The Slow-Cooked Sentence

In which the author ruminates about love

Rachael Conlin Levy
A giving tree.

Have you noticed when a tree is loved by children? The evidence is in the bark, once shaggy, rough and prone to tearing pants and splintering skin has worn away. A round spot marks the place where feet shimmy up the trunk and favorite branches are burnished until they gleam.


My body is loved by my small son, who falls asleep cradled in my arms only after his hand secrets its way to the mole on my breast. He covers the tiny bump of skin and closes his eyes, his breath joining the quiet rhythm of my heart under his hand.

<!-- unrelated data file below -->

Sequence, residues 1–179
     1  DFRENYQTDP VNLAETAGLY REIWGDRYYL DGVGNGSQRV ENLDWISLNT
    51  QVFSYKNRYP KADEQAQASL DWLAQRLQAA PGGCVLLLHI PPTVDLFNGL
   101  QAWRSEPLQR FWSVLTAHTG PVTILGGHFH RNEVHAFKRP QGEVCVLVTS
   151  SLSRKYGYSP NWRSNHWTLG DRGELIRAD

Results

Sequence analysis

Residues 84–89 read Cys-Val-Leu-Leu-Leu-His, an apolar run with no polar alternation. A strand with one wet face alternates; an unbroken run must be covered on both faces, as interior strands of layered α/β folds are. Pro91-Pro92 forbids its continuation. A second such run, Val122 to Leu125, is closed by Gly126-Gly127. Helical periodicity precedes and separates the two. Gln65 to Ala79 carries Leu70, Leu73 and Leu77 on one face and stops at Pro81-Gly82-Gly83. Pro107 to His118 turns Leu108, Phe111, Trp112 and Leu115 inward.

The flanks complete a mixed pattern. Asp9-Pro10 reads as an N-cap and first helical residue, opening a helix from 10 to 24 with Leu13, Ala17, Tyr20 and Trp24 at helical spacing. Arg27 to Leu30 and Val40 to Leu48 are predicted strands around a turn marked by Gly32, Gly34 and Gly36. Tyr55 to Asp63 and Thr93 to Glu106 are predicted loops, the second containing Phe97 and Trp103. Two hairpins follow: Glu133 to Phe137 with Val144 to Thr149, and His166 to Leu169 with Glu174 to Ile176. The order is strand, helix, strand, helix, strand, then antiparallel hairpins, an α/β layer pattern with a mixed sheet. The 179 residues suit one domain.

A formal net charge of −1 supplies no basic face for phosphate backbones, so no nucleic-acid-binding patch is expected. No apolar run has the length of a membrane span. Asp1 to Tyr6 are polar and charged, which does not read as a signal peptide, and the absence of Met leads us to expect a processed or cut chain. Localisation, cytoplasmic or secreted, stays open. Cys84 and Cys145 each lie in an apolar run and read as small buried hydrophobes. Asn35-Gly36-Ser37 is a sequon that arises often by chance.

A work in progress.

A heart, my heart, aches a little as my daughter slips out of my world and into a world of her own. Afternoons once spent in the swing or in the kitchen as I made dinner, have been replaced with time in her room. Alone. With tea. A book. And a poster of the hunky, werewolf boy from the Twilight series.

2 responses to “In which the author ruminates about love”

  1. boatx2 says:

    how heart-breaking and lovely all at the same time.

  2. Rachael Levy says:

    Thank you. It's hard to let go, but I know it has to happen.

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